Tables 3 and and44 list the statistical data of the TIMES, ECOSAR, and KATE with or without the applicability domains. The complete results are given in Appendix 5 of the supplementary material. First, we will focus on the TIMES, ECOSAR, and all the KATE results, without considering any applicability domains. In fish, the determination coefficient, r2, and RMSE using KATE (r2 = 0.868 and RMSE = 0.658) were larger and smaller, respectively, than those using TIMES (r2 = 0.751 and RMSE = 0.935) and than by ECOSAR (r2 = 0.790 and RMSE = 0.869). For daphnia, RMSE using KATE (0.993) was smaller than that using TIMES (1.404) and ECOSAR (1.364). However, r2 using KATE (0.662) showed no noticeable advantage over that by TIMES (0.668) or ECOSAR (0.699). Since reference data for the daphnia end-point (258 chemicals) numbered only half of those for fish (535 chemicals), the reference data for each QSAR equation for daphnia would therefore be less satisfactory for predicting toxicity. The addition of reference data and a change in the classification rules can recover the values of the statistical data. A fraction of log(1/LC50) with an underestimation of less than −1 indicated that, compared with KATE, TIMES and ECOSAR tended to underestimate the toxicities of both fish and daphnia. On the other hand, a fraction of log(1/LC50) showing an overestimation of more than 1 indicated that, compared with TIMES, ECOSAR and KATE tended to overestimate toxicity in both fish and daphnia. Considering these underand over-estimation fractions, we find that KATE gives a higher predictive ability in acute Oryzias latipes and Daphnia magna toxicity tests than does TIMES or ECOSAR. If the alert: Out of domain, in TIMES, and the applicable log P range in ECOSAR are considered rigidly, the correlation between measured and calculated toxicity is improved in TIMES and ECOSAR.

Table 3.

Statistical information comparing measured and calculated fish log(1/LC50[mM]) of 287 test set compounds. The complete results are shown in Appendix 5-1.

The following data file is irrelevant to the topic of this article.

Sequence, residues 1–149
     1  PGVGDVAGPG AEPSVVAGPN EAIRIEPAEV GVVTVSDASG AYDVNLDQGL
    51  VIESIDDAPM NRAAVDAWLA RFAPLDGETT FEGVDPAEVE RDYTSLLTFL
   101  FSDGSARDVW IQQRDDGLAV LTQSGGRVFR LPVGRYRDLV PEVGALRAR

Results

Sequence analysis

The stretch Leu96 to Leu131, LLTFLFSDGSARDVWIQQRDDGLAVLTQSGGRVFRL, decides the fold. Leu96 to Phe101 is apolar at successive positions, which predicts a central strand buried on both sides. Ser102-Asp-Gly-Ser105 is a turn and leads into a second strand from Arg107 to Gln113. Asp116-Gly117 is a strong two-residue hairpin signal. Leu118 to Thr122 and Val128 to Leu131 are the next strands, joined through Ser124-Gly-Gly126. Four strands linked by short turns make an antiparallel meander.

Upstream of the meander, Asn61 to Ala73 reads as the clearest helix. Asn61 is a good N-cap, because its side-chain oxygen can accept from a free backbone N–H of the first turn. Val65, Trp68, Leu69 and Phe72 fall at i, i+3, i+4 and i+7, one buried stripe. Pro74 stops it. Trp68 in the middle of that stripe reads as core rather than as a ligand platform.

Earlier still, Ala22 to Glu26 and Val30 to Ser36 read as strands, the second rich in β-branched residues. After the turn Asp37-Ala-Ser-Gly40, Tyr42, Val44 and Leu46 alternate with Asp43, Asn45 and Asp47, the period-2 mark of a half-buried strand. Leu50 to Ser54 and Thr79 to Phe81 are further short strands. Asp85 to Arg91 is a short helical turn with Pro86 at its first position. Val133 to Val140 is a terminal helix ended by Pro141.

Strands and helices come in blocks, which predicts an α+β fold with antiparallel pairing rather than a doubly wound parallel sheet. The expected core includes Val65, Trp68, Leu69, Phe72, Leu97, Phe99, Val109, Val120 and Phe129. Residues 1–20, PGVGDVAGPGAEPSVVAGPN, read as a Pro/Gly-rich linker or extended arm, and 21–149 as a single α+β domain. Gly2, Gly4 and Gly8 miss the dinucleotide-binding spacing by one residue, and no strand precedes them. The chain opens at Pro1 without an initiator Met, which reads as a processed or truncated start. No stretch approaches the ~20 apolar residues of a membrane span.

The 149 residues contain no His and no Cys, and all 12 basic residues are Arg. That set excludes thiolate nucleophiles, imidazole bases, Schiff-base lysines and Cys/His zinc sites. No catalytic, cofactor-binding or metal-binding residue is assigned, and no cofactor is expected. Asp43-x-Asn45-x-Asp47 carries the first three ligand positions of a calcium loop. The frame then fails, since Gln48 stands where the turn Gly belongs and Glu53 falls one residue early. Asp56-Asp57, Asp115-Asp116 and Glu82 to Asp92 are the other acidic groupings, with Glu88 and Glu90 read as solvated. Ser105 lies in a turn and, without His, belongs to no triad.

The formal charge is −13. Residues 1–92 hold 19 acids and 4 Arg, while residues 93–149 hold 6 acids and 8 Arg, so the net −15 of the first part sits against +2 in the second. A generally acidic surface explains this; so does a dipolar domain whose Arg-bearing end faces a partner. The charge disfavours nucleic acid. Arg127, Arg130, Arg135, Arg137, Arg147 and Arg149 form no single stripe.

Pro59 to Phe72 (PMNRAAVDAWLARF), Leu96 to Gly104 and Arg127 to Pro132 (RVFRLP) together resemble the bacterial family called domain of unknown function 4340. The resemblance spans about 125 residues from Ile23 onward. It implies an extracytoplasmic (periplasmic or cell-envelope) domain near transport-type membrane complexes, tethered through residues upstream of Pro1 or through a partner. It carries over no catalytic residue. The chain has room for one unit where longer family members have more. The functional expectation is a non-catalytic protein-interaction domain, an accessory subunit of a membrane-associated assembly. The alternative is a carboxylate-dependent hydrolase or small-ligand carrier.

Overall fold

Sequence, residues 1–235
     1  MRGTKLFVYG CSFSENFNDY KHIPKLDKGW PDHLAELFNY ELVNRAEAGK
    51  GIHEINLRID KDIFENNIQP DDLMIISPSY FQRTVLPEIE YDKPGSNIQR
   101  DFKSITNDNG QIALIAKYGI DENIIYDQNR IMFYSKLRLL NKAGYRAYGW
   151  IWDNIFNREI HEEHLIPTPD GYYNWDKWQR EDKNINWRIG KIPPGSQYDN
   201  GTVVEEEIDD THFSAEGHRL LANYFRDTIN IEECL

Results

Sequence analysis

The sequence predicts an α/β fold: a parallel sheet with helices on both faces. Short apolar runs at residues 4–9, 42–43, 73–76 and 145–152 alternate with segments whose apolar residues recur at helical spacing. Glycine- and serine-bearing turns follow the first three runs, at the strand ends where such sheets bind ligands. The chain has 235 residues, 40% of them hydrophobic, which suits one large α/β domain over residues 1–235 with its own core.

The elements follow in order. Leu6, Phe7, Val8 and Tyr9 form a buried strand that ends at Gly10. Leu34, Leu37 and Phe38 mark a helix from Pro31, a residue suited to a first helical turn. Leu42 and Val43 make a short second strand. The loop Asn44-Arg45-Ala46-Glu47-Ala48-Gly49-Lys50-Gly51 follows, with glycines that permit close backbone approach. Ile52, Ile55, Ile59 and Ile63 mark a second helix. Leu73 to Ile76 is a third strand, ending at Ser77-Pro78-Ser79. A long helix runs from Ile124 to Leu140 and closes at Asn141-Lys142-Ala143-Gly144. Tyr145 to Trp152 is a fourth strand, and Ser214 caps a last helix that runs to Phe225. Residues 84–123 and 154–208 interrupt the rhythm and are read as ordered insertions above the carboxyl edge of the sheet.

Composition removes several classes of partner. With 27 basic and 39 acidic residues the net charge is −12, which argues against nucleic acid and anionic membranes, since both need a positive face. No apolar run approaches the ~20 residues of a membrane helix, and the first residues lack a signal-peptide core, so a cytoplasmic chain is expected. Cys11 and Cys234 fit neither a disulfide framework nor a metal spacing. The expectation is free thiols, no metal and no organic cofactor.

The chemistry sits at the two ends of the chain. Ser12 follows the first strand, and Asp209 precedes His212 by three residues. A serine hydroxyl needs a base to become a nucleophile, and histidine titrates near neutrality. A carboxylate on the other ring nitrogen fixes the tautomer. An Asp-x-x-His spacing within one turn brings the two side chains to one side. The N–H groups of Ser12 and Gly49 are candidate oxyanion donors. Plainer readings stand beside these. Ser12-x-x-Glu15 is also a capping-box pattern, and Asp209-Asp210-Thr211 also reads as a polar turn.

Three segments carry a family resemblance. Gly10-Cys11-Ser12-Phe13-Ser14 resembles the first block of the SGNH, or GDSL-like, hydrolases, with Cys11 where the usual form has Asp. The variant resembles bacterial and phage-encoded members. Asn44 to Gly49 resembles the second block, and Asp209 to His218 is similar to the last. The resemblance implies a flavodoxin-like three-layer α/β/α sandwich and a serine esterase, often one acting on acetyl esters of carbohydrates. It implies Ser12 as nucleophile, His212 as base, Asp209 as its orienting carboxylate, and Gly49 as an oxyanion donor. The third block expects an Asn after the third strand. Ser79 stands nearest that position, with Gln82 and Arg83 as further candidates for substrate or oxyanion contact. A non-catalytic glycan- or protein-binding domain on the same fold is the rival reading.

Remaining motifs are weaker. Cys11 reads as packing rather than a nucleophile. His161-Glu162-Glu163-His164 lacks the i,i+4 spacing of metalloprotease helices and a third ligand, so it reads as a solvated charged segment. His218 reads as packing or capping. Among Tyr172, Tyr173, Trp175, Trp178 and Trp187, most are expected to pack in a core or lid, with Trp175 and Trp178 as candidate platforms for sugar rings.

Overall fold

Table 4.

Statistical information between measured and calculated Daphnia log(1/EC50[mM]) for 98 test set compounds. The complete results are shown in Appendix 5-2.

Secondly, in fish, the RMSE of one of any in-domains was smaller than if domains were not considered. However, the r2 in-domain of log P showed no particular improvement. For daphnia, r2 and RMSE for one of any in-domains were larger and smaller, respectively, than those without considering domains. In the present study, either the descriptor and/or structural domains were related to the reduction of RMSE and the fraction of underestimated chemicals, especially if both domains were considered simultaneously. Additionally, the stricter structural domain C(1) (shown in Tables 3 and and4)4) demonstrated better predictive performance than the structural domain C(2). The systematic study of the domain based on the atom-centred fragment (ACF) approach by Kuhne et al. [14] showed that the ACF varied with respect to its size in terms of the path length, and the ACF match mode was specified in terms of degree of strictness. They also demonstrated a clear relationship between predictive performance and the levels of the ACF definition and match mode [14]. Even though the definition of substructures for the domain are different, the improvement by using C-judgement is similar in concept to that using the ACF approach. Thus, the log P range of the equation and C-judgement are useful for assessing the applicability of the QSAR results.

5. Summary

We have reported on the KATE system, encompassing a full list of classifications of the QSAR equations and KATE validations. In the KATE system chemicals are classified by their substructure. The QSAR equations express the correlation between log P and log(1/LC50) or log(1/EC50) of a chemical by simple linear regression analyses. The classes of QSAR equations are characterised by fragments of chemicals, except for the neutral organics class. The descriptor and structure domains, log P and C-judgements, in KATE were also introduced.

The cross-validation of the KATE system showed that QSAR equations with higher r2 and lower RMSE with n > 5 gave a reliably higher q2 than the other QSAR equations in KATE, meaning they had better predictive ability. A comparison of KATE, TIMES, and ECOSAR revealed that KATE was more accurate, due to end-point dependence. The use of log P and the C-judgement improved the statistical data. Thus the KATE system is a powerful tool for predicting acute toxicity in Oryzias latipes and Daphnia magna when the log P and C-judgement can be confirmed. Also, KATE has the potential to be useful in risk assessment.

The next topics in QSAR development will be to consider the reactivity of chemicals, and to include multi-regression analysis. The quantum chemical parameters, such as partial charges, are candidates for additional descriptors. Other ways of significantly increasing the reliability of toxicity prediction will be to improve the classification of the substructures, increase the reference data in a QSAR equation, and to refine the C-judgement.

Acknowledgements

KATE was researched and developed by the Research Center for Environmental Risk at the NIES, under contract to the Japanese MoE between 2004 and 2008. We also wish to thank the US EPA for permission to use KOWWIN in KATE on PAS, the standalone version of the KATE system. We are grateful to Mr K. Hasunuma and Ms K. Sugiyama for their support and encouragement with the KATE publication.